Physical education teacher William Hedges was among five retiring employees honored by the Riverhead school board at its meeting Tuesday night. Hedges, who has also coached football and track and field, is retiring after 30 years of service. Photo: Maria Piedrabuena

New technologies are quickly becoming essential tools for the Riverhead Central School District’s security plans, and so far, they seem to be working well, security director Terry Culhane said Tuesday night at a school board meeting. 

Culhane provided a brief overview of two specific apps the district has adopted to enhance their security plan: the Rave panic button and the “Share it” button. 

The panic button allows faculty and staff to quickly notify school security staff, police departments and other first responders about situations that may put people at risk, at the “push of a button,” Culhane said. 

Once pushed, the panic button notifies all parties of what’s going on, and where, within five feet of whoever initiated the push. Culhane said that this new initiative has been “well received” by faculty and staff. 

However, Culhane said that the security office wanted to expand beyond just notifying when an incident occurs. The goal, he said, is to create a “culture of connections” where faculty, staff and security guards develop a trusting relationship with students where they share information to better protect the school and keep it safe.

Riverhead Central School District director of security Terry Culhane during his presentation Tuesday night. Photo: Maria Piedrabuena

“I needed to take that to the next level, because sometimes kids don’t want to say something, because they’re afraid of repercussions or that they’re perceived as a snitch or a rat,” he said. “Unfortunately that’s the culture.“

The next level, Culhane said, is a free app called “Share it” from Social Sentinel, the company the district uses to monitor social media providing them with alerts when warranted. 

Modeled on the “see something, say something” campaign originally implemented by the New York City’s Metropolitan Transportation Authority, the Share It button—a bright yellow bouncing circle on the district’s website right hand lower corner—lets people report situations, anonymously or not, that they find “good, sad or bad,” or send a tip. All tips and reports go directly to Culhane and are not trackable by anybody, including the police department, he said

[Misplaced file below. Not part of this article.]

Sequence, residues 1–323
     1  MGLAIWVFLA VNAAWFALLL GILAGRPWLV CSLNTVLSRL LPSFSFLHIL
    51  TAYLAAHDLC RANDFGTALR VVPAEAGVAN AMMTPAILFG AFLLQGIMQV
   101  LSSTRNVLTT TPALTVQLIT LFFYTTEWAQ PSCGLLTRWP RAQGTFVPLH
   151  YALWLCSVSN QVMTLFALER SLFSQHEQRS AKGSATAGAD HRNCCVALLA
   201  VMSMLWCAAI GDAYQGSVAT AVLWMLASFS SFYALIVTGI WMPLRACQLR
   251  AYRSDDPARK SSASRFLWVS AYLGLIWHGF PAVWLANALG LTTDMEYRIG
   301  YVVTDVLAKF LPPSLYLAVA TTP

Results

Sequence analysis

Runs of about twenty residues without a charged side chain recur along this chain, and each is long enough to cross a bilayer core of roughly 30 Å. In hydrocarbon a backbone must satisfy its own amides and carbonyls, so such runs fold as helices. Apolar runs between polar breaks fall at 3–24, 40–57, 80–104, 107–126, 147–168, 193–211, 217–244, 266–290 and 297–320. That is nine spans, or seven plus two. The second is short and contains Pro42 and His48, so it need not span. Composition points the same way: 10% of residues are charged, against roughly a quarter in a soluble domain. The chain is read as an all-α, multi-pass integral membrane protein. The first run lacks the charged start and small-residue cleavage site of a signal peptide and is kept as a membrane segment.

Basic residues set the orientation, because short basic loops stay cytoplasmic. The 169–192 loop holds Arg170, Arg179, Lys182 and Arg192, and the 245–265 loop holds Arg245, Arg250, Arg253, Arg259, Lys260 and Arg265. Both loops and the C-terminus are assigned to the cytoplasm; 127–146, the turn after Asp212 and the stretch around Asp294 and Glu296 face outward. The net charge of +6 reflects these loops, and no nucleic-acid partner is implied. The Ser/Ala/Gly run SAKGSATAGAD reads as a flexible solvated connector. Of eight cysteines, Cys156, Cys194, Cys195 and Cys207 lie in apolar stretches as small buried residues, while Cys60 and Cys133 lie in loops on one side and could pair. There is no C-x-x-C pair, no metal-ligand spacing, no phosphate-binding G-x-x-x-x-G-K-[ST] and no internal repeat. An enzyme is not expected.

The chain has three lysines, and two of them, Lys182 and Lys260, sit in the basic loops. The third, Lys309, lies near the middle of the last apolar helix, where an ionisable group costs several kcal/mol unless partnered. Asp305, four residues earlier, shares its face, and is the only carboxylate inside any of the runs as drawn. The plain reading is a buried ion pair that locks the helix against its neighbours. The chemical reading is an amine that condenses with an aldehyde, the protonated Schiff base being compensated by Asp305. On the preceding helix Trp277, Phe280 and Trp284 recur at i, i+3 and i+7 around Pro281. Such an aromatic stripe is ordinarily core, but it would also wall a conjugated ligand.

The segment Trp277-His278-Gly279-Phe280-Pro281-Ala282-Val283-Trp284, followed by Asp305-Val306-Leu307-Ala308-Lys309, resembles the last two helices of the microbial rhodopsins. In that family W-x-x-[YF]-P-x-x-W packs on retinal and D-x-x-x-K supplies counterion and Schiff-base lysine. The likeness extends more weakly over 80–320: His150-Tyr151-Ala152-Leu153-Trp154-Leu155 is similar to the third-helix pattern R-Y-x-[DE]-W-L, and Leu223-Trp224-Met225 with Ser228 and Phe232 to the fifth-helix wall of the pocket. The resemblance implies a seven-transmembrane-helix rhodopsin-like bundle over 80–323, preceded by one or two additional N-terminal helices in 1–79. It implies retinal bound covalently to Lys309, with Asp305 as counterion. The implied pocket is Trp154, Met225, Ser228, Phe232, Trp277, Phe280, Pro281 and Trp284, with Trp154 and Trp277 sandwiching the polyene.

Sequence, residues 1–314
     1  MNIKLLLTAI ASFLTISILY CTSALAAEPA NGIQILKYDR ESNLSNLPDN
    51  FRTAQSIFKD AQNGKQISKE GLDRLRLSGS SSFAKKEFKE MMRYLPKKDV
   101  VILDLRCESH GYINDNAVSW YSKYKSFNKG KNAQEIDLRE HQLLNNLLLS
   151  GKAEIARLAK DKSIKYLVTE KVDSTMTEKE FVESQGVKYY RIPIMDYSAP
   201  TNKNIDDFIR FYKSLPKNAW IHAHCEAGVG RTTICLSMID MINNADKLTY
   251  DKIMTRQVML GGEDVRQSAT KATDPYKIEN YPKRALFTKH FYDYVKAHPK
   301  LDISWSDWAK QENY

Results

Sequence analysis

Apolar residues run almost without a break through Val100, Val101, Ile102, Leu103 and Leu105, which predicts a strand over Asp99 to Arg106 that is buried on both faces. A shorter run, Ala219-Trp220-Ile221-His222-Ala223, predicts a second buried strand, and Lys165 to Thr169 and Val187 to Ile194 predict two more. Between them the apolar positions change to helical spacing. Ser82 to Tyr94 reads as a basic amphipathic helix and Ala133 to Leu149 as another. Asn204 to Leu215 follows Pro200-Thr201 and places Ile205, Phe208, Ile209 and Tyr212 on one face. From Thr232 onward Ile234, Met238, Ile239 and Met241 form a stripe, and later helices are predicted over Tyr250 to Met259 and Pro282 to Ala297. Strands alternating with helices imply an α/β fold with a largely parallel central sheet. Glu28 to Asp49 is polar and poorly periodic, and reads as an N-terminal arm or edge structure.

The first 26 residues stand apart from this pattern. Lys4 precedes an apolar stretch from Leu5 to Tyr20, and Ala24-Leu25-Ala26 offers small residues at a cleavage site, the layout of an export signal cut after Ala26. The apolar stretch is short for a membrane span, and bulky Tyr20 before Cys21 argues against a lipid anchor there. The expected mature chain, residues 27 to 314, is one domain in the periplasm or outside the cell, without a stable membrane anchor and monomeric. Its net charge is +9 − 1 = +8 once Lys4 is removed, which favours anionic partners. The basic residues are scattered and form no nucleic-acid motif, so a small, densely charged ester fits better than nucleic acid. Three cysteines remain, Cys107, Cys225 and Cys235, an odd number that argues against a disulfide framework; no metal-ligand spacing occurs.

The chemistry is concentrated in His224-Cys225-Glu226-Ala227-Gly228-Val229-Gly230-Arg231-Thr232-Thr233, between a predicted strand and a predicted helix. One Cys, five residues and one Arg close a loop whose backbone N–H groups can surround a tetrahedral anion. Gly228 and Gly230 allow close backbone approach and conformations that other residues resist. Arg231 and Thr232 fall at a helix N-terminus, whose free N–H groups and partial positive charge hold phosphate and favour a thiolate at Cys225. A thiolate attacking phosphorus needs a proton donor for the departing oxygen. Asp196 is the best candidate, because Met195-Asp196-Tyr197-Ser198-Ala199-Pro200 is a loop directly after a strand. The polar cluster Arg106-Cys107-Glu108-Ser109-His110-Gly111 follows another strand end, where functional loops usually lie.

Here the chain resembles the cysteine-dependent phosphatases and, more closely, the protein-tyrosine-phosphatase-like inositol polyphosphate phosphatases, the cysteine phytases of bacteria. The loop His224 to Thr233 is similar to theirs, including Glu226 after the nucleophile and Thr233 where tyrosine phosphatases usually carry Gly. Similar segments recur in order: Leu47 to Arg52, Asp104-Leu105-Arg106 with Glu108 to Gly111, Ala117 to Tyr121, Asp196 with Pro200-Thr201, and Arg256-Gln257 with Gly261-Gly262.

“You want to share something sad, for example, kids are concerned about something that’s affecting them, they let us know and then we can pass that along to the appropriate people,” Culhane said. 

“Or maybe something bad, you know, somebody has a weapon, somebody who’s planning to do something bad, somebody is planning to beat somebody up, or bullying, or whatever, or maybe somebody is concerned about a friend that wants to harm themselves. This is a way that they can tell us anonymously,” he said.

Culhane said that so far, he has already received some tips and even a couple reports from parents, not security-related, that he has forwarded to the appropriate parties. 

The board of education at Tuesday’s meeting. Photo: Maria Piedrabuena

Committee Reports

The wellness, health and safety, audit, and intergovernmental/policy committees provided their reports. Here are some highlights: 

Wellness: Meyer said that committee members were presented with several ideas to improve the program by the food services manager, Keith Graham. The majority of schools in the district participate in the community eligibility provision program, which allows schools with high percentages of low-income children to offer breakfast and lunch for free to all students. This, Meyer said, has in turn increased the number of meals being served.

At the high school, Graham suggested to make changes in the layout of the cafeteria serving lines, which would include upgrades in the service equipment, creating two lines that can serve hot food and snacks. Currently, Meyer said, there is only one line for hot food which causes backups well into the cafeteria when meals being served are popular. 

At the middle school, Graham also proposed to upgrade the equipment, which Meyer said, is aging and becoming insufficient to handle the number of students seeking meals. 

At Pulaski school the committee plans to change the serving line and kitchen, Meyer said. He added that although the space there is less than five years old, the school has outgrown the size of it. Graham proposed to create a “hole in the wall” between the serving line and the cafeteria and changing the serving equipment to create two lines instead of one, Meyer said. The old serving line would be transferred to Phillips Elementary School to replace that school’s failing equipment, he said. Other recommendations for Pulaski school include installing a walk-in freezer in the current location of a dry good storage room, Meyer said.